Customer Reviews for

How to Live, or A Life of Montaigne in One Question and Twenty Attempts at an Answer

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  • Posted June 16, 2011

    more from this reviewer

    On my BEST OF 2011 list

    When the publishing industry is in decline and our expectation of instant gratification make TV and the internet our primary sources for news, one would have to ask oneself: is this the best time to publish a new book on the philosophy of a discursive French essayist who died over 400 years ago? Of course, the answer would have to be "it depends." Sarah Bakewell has managed to make Michel de Montaigne seem relevant, perhaps even revolutionary, but certainly eminently likeable. Montaigne would have been an exceedingly popular blogger, for he took incidents of daily life and held them up for examination as well as using them as stepping stones to rambling narrative. He inspired loyal devotees and provoked, and enjoyed, passionate rebuttal. "No propositions astonish me, no belief offends me, whatever contrast it offers with my own." One could argue endlessly, happily, and undoubtedly profitably, with such a man. For twenty years, from ages 38 to 59, he mainly stayed at his estate in the Bordeaux region along the Dordogne River, and wrote essays. He came close to death in a riding accident, weathered various occurrences of plague (though the love of a lifetime, La Boétie, was taken), and was victim of various ailments that could have been alleviated today but which eventually killed him. Importantly, he lived through the period of time known as The Saint Bartholomew Wars, which was recently cited in a book on modern counter-insurgency as an example of one of the longest and most consequential non-state religion-based internecine conflicts characterized by extreme violence, bloodshed and carnage: Catholics on Protestants. It led Montaigne to write, "There is no hostility that exceeds Christian hostility." And yet Montaigne managed to maintain a sense of proportion and breadth of perspective that seems positively Zen. Montaigne had a fascination with pragmatic schools of philosophy like Stoicism, Epicureanism, and Skepticism. All these schools had the same aim: to achieve a way of living known as "happiness," "joy," or "human flourishing" (from the Greek eudaimonia). The schools agreed that the best path to eudaimonia was ataraxia, which can be translated as "imperturbability" or "freedom from anxiety." (Does this not sound like Buddhism to you?) It appears a key to living well, fully, and without regret is cultivating mindfulness: A person who does not sleepwalk through the world.is freed to respond to situations in the right way, without hesitation-as if they were questions asked all of a sudden, as Epictetus puts it...Whatever happens, however unforeseen it is, you should be able to respond in a suitable way. This is why, for Montaigne, learning to live "appropriately" (à propos) is the "great and glorious masterpiece" of human life. (pp. 111-112) But what it is about this book that makes me convinced there is no better time to introduce this back into the mainstream? It is Sarah Bakewell's handling of the material, in which she proves herself a fascinating conversationalist. In lesser hands, the material could have seemed distant at best. But she allows Montaigne himself to shine: his work seems as amusing and fresh as a friend declaiming over a glass of wine-red wine, white wine-you never know with with Michel. I haven't yet read Montaigne's Essays, but I certainly intend to now. It seems a pity to leave Montaigne to experts. I relished the background and erudition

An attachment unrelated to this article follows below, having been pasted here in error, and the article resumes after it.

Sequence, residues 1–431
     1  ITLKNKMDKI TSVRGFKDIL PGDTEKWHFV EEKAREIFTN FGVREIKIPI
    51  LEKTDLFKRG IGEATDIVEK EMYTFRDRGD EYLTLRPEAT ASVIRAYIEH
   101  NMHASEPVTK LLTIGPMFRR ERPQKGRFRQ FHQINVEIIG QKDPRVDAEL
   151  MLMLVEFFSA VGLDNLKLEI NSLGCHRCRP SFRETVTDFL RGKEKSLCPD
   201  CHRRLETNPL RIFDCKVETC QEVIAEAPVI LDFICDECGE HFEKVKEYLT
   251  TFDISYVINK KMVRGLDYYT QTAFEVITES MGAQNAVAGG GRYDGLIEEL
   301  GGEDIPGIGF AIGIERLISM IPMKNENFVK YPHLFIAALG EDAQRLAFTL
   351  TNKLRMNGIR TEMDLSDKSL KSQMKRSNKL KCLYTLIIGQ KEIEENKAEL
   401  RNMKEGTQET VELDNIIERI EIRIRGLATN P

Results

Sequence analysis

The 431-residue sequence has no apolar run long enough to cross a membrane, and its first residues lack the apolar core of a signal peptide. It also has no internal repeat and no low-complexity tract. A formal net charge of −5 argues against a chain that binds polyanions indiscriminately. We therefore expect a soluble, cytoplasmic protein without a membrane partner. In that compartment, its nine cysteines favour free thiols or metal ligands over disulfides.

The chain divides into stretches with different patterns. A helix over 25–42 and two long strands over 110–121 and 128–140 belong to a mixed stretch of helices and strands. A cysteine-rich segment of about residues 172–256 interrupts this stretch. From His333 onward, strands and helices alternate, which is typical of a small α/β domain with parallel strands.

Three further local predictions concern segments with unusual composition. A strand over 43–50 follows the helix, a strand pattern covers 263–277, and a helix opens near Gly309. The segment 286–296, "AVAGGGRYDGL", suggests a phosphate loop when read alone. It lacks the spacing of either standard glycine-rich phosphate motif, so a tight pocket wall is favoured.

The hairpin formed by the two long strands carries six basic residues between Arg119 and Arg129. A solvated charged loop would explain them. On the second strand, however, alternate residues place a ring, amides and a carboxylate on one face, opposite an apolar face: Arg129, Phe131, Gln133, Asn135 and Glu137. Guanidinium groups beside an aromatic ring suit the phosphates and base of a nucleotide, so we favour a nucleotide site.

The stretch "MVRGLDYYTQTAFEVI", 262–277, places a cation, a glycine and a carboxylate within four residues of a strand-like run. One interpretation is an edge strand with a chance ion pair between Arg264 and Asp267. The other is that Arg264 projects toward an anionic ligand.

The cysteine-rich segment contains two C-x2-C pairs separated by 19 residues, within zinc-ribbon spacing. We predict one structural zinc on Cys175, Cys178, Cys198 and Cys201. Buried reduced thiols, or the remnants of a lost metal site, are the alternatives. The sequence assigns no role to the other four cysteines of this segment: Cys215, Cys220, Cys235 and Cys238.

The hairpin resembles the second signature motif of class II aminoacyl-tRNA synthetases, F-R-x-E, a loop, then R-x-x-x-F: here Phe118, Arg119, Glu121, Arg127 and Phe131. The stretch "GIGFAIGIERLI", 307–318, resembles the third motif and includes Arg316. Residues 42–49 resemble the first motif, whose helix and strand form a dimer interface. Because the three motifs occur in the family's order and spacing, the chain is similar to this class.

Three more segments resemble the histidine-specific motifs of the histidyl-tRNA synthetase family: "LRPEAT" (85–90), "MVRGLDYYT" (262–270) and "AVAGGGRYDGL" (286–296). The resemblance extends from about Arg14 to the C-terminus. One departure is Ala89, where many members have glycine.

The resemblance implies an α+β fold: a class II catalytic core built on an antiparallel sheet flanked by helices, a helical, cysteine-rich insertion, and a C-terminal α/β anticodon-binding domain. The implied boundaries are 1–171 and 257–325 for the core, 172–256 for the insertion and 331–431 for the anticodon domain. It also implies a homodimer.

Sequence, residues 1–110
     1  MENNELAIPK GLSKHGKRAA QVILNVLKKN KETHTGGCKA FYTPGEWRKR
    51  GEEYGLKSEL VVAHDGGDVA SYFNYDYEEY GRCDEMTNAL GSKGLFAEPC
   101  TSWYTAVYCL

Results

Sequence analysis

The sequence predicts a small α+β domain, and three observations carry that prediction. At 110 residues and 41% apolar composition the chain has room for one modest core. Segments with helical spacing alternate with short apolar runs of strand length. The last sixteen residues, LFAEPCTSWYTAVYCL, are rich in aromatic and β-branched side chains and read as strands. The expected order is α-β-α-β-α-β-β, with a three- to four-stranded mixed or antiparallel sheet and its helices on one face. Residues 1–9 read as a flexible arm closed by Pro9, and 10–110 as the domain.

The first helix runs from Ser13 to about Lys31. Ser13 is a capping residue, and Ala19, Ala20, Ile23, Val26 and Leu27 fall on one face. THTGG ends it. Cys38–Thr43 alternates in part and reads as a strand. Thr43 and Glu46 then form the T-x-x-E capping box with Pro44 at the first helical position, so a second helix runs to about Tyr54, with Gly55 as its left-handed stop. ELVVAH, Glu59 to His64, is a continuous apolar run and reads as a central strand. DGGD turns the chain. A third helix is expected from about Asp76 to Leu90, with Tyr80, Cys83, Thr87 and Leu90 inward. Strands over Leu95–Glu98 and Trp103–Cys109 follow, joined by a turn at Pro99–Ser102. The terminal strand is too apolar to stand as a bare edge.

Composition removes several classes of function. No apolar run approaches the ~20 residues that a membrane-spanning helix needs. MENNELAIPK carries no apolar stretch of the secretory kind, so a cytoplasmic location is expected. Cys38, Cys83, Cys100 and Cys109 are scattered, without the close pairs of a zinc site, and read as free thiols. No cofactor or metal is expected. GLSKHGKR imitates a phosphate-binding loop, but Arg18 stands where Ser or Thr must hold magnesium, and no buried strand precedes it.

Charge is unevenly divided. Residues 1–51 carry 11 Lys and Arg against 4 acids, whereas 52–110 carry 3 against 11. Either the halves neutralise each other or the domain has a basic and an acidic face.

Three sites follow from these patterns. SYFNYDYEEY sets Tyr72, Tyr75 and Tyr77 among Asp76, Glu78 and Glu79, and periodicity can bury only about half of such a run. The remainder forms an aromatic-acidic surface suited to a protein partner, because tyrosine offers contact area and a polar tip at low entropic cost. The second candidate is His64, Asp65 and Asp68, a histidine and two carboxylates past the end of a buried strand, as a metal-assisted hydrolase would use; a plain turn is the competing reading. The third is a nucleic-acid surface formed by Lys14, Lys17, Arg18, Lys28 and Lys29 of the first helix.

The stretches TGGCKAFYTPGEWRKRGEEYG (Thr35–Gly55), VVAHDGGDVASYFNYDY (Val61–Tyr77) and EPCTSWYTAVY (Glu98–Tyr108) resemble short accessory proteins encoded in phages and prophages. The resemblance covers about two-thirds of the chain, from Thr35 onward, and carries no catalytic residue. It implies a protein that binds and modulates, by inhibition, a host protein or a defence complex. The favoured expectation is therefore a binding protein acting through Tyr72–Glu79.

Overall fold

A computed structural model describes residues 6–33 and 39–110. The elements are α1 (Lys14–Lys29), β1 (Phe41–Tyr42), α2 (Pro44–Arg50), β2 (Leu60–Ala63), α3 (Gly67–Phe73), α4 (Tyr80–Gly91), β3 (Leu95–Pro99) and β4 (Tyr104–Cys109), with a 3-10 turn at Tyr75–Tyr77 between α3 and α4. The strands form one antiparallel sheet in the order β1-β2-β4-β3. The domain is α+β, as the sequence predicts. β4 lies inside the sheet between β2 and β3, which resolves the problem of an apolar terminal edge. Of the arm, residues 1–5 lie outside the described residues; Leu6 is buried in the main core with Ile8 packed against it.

6 out of 7 people found this review helpful.